Anything can happen at any time,” says 27-year-old Argentine indie filmmaker Diego Lerman, talking about his debut feature, Suddenly (Tan de repente). “It doesn’t matter if it doesn’t. What’s important is the possibility that it can, and creating a world for it to take place in.” This succinct definition of cinematic verisimilitude perfectly embodies the essence of Lerman’s film, which has won significant critical acclaim, both locally and internationally, over the past year.
This unique sleeper started its slow but steady rise at the 2002 Buenos Aires International Festival of Independent Cinema (BAFCI), where it took both the Special Jury Prize and the Audience Award. It then traveled the festival circuit, making stops in Havana, Locamo, Biarritz, and Vienna, where it won the FIPRESCI Award. The jury there cited it as “a plot-twisting riot-girls road movie announcing the strength of an Argentine New-New-Wave.”
Unlike the vast majority of New Argentine cinema (the work of Martín Rejtman, the movement’s spiritual father, may be the only exception), Suddenly began life as a novel. During the mid-Nineties, Lerman made five shorts, one of which,La Prueba (98), was adapted from local writer Cesar Aira’s book. “It was shot in 8mm, edited on video, and then blown up to 35mm so it could participate in the 2000 BAFICI competition,” Lerman explains. “It won, and the prize was a scholarship at the San Antonio de los Banos Film School in Cuba.” At the time, Lerman was already working on a feature film script, using Aira’s novel “as a mere starting-off point,” whereas the short was more of a conventional adaptation. The feature would eventually become Suddenly, which, like almost all Argentine indie productions, was made on a shoestring budget.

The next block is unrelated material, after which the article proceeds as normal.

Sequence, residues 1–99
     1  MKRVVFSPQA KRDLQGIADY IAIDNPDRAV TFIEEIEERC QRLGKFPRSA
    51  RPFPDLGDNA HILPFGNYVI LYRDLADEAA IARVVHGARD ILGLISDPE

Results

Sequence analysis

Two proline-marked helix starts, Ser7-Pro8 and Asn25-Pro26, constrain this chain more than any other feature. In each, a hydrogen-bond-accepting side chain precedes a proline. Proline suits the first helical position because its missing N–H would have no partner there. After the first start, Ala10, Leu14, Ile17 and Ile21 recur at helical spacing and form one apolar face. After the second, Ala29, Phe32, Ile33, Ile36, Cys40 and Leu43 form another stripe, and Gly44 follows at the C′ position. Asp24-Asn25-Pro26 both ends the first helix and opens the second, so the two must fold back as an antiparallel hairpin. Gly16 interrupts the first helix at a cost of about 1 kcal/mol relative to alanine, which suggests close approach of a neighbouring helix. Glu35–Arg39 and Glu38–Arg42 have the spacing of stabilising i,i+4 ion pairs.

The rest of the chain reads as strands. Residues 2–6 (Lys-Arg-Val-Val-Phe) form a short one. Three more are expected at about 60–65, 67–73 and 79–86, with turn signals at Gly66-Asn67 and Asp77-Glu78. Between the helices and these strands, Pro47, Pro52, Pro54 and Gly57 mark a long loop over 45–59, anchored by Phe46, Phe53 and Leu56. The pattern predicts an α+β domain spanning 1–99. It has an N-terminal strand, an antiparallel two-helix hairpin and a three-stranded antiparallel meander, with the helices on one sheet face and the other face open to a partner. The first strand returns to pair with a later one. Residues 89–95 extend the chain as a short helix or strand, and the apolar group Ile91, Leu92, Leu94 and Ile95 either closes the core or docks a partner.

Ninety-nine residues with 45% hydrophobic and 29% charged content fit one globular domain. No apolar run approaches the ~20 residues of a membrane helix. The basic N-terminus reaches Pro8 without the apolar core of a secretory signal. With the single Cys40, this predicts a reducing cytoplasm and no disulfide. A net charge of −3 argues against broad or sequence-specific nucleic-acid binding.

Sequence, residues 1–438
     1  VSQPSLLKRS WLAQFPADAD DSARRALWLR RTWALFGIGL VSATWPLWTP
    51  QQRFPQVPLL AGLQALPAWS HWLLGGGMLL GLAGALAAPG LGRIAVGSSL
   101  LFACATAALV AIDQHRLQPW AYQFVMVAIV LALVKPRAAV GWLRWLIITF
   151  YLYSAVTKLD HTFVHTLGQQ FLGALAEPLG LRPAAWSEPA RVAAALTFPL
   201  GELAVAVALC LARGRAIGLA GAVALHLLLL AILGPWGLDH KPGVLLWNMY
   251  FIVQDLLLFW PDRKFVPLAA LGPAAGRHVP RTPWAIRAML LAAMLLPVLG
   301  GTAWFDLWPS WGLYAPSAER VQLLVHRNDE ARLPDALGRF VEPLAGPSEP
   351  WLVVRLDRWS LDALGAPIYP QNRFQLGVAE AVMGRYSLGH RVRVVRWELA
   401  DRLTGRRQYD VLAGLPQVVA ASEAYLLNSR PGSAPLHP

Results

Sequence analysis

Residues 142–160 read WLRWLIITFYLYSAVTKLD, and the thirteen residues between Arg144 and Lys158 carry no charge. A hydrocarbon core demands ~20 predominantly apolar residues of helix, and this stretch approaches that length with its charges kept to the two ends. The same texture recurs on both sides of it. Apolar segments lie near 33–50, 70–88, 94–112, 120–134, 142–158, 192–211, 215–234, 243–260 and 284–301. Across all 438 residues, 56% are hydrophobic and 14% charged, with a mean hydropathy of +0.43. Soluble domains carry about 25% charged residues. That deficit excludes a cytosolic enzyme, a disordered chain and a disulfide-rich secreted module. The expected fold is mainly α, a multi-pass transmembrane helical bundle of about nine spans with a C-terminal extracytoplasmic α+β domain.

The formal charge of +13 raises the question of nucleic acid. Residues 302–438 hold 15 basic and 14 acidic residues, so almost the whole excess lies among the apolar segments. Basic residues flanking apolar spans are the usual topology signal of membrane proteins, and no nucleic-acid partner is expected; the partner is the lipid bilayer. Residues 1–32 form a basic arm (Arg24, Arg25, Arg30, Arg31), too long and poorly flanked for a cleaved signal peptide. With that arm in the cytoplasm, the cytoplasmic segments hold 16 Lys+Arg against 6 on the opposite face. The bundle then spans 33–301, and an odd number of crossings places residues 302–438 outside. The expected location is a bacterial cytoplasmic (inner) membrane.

Yet Lerman skillfully managed to turn budget limitations into aesthetic virtues. “I had very little film stock and shot practically no coverage,” he remembers, “so I had to mentally edit a number of scenes prior to shooting them because I knew I wouldn’t have many retakes. There was a great deal of pressure, but at the same time it was good, because it forced me to think seriously about the mise en scene—a lot. Nothing was left to chance. Take the high-contrast black-and-white lighting. In some scenes, it’s ultra-realistic, and I don’t care if it shows. In others, I went for a more classical approach. The idea was to use photography as another tool to reveal what’s beneath the surface of the story, not just for the sake of its beauty. I didn’t have much lighting equipment, anyway, so I couldn’t ask for much,” he laughs.
You can read the complete version of this article in the September / October 2003 print edition of Film Comment.